Rigby and Mac - A trio of family run stores in South London, with a fab, eclectic mix of designers, both new and established. It's a great bricks and mortar shopping experience.
Had you realised the Just A Card campaign message suggests cards as an example of a small purchase - we're about encouraging all sales as they keep businesses afloat?
I was attracted by the campaign title - ‘Just a Card’ and found out more on the campaign website. The title is a symbol of how little we need to spend in order to support small businesses.
How important is the Just A Card campaign message to you and your business?
The campaign helps people to see that they have the power to keep diversity and craftsmanship in their shopping experience, and keep those businesses flourishing. Buying from an independent shop (either online or bricks and mortar) means we are not only supporting them, but also those businesses who are selling their products to that shop, which are very often sole traders like me. It's like a whole wonderful ecosystem of creatives, sellers and buyers.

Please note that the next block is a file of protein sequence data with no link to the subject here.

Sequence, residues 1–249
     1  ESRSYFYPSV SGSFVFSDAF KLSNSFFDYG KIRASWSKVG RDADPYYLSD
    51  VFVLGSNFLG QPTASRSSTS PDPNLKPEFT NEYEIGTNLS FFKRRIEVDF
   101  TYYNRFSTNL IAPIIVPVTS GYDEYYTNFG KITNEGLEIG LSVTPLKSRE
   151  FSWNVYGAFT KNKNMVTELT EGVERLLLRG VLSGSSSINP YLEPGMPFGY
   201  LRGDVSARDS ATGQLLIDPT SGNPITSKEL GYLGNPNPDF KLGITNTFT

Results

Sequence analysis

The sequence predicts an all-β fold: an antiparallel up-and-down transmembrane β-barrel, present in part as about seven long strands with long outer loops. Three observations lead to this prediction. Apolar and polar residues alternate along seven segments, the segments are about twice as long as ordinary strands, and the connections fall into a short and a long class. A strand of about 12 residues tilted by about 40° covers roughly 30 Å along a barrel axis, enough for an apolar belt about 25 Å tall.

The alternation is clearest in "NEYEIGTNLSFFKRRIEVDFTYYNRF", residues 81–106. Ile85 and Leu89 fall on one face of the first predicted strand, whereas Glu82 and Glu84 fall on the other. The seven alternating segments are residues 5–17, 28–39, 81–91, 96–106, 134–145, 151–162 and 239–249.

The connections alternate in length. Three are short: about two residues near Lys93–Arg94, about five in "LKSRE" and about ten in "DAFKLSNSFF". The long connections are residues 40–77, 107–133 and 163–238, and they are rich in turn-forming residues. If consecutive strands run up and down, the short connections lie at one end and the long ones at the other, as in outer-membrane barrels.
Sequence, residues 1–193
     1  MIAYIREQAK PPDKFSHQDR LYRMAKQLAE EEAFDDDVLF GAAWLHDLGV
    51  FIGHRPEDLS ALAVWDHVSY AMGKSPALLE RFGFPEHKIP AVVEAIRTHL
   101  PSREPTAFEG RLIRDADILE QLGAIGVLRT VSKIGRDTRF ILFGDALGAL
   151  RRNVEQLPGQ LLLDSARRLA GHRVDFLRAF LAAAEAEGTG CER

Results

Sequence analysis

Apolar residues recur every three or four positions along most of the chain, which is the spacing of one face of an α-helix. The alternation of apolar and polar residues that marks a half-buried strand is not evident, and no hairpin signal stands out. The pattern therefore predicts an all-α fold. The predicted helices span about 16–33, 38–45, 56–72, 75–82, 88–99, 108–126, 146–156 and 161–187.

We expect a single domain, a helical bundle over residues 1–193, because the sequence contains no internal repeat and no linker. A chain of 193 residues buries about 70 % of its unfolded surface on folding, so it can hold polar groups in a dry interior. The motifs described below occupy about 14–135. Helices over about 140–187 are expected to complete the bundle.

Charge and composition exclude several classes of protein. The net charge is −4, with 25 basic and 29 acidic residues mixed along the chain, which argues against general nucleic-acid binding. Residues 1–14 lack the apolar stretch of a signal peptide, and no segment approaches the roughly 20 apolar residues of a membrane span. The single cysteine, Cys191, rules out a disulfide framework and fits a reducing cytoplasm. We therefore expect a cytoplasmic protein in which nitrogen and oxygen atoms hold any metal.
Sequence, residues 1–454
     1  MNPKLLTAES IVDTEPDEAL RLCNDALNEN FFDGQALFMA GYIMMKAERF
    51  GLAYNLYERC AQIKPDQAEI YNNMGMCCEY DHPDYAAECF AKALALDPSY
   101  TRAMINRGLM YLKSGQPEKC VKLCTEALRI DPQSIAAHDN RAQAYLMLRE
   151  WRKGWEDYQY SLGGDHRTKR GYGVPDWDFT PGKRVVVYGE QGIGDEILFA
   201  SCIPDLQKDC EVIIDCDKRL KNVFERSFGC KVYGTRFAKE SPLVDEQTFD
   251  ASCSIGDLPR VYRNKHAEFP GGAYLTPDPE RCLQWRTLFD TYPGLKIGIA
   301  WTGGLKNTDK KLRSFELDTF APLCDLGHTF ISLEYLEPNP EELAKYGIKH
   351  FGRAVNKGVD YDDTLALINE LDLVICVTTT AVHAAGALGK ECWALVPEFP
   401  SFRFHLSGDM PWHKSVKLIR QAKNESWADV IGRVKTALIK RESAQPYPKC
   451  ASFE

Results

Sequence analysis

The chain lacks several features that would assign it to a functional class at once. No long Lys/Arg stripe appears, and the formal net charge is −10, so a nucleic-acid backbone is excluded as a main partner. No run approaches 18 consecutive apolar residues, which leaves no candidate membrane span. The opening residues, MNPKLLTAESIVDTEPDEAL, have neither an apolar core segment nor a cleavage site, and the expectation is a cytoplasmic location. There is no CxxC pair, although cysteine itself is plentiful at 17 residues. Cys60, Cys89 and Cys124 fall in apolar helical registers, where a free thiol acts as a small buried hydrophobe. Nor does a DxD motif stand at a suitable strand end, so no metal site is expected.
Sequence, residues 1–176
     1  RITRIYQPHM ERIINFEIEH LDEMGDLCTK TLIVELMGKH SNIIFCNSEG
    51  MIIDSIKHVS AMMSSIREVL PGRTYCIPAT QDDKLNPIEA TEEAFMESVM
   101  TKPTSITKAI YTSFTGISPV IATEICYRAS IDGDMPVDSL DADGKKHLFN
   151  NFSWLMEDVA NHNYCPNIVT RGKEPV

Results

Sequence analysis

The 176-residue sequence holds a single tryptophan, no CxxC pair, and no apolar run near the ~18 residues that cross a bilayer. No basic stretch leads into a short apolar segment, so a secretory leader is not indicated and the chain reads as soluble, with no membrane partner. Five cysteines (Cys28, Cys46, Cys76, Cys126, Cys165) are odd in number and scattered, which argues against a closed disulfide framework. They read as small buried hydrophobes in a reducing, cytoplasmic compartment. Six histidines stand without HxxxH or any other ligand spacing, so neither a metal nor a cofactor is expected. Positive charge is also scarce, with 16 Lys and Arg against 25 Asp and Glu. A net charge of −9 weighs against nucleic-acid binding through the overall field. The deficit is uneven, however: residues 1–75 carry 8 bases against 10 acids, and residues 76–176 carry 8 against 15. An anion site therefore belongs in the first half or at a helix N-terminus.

Where did you hear about the campaign and which Social Media platforms do you use most frequently? What do you think people can do to support Just A Card, and how will you be doing so?
I heard about the campaign on Twitter, which I use regularly along with Instagram, Facebook and Pinterest. All people need to do in support of the campaign is to make a purchase once in a while. I regularly make small purchases from sellers at craft fairs, or independent shops. There will always be an occasion to send a card, if not for a birthday then just to send a pretty note to someone. The recipient will be so happy to receive something out of the blue.